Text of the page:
The US Department of Energy (DOE) has recently announced an amendment to the Civil Nuclear Credit (CNC) Program Guidance for the currently open award cycle. To incorporate these changes and give potential applicants the time they need to respond, DOE also extended the application period for a further 60 days to 6 September.

The Amended Guidance revises the eligibility criteria to replace the requirement that a nuclear reactor applying for credits under the CNC Program should not recover more than 50% of its costs from cost-of-service regulation or regulated contracts. This affects the eligibility of reactors that may apply in the first round of awards.

The nation’s current fleet of reactors is a vital resource to achieve the Administration’s goal of net-zero emissions economy-wide by 2050.

“US nuclear power plants are important clean energy assets and preserving our existing fleet will maintain nearly half a million good-paying jobs in the nuclear industry,” said Assistant Secretary for Nuclear Energy, Dr Kathryn Huff. “The amended CNC Guidance supports the intent of President Biden’s Bipartisan Infrastructure Law to keep the reactors online that sustain local economies and today provide our nation’s single largest source of carbon-free electricity.”

Shifting energy markets and other factors have resulted in the early closures of 13 commercial reactors across the USA since 2013. DOE said this has led to a rise in carbon emissions in those regions, poorer air quality, and the loss of thousands of high-paying jobs. The CNC Program will equitably address these challenges.

This change was one of three requests made by the Office of the Governor of California in a letter dated 23 May. Considering this request’s potential applicability to reactors nationwide, DOE issued a proposed Guidance Amendment for public comment on 17 June. “After assessing programmatic goals and public comments, DOE believes this change better supports the intent of the Bipartisan Infrastructure Law and the goals of the CNC Program to keep clean, reliable electricity on the grid,” DOE noted.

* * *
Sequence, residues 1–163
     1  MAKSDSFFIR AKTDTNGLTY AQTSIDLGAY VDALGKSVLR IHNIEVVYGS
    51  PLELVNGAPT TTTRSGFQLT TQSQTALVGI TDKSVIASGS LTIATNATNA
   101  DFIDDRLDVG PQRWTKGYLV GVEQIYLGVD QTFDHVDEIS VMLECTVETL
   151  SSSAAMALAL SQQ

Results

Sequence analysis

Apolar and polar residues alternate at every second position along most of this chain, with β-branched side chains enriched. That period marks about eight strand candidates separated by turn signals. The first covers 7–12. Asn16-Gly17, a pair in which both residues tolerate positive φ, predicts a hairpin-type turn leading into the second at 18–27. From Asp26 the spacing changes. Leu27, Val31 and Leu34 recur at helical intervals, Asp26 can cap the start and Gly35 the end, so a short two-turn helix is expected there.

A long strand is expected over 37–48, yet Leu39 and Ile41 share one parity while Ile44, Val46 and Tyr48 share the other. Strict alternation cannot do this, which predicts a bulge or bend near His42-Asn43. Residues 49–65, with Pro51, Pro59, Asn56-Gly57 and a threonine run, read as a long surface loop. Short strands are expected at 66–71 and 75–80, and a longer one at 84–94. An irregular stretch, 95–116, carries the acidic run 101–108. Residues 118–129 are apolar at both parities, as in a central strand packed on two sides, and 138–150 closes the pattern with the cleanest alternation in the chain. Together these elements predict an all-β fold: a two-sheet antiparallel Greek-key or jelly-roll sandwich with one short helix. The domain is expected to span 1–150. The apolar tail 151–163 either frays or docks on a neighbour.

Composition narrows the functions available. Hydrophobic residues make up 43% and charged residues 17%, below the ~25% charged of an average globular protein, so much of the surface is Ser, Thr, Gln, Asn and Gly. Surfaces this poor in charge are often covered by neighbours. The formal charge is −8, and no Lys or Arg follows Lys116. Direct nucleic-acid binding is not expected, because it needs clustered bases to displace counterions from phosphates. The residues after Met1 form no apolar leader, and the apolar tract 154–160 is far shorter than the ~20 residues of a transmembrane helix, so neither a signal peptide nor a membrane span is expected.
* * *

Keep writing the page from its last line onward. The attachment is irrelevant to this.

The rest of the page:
DOE is also announcing the extension of the due date for submission of applications and bids for the first CNC award cycle to provide potential applicants sufficient time to prepare submissions in accordance with the Amended Guidance.

The first CNC award cycle prioritises reactors that have already announced their intention to cease operations. Future CNC award cycles — including the second award cycle, to be launched in the first quarter of FY2023 — will not be limited to nuclear reactors that have publicly announced their intentions to retire.

California Governor Gavin Newsom had asked for the revision with a view to delaying the planned closure of Pacific Gas and Electric Company's (PG&E's) two-unit Diablo Canyon plant. Diablo Canyon has been California's only NPP since the early closure in 2013 of two units at Southern California Edison's San Onofre NPP. PG&E in August 2016 announced plans to retire Diablo Canyon when the plant’s 40-year operating licences expire in 2024 and 2025.

However, pressure has been growing for a reversal of that decision to help California reach its decarbonisation goals. In April, Newsom told the editorial board of the LA Times that he intended to apply for federal funds to keep the plant operating.

Image: The two-unit Diablo Canyon nuclear power plant (photo courtesy of PG&E)